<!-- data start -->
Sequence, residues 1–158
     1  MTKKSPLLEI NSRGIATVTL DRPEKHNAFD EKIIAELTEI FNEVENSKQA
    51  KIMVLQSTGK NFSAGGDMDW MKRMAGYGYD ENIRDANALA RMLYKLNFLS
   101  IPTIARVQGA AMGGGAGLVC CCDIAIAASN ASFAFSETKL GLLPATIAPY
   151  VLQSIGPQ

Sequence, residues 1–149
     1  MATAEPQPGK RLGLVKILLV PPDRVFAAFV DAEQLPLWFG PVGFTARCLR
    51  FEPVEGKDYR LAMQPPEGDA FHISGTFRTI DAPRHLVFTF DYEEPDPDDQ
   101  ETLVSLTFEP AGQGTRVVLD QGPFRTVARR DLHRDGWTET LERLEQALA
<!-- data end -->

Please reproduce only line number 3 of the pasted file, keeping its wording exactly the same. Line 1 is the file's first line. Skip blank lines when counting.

    51  KIMVLQSTGK NFSAGGDMDW MKRMAGYGYD ENIRDANALA RMLYKLNFLS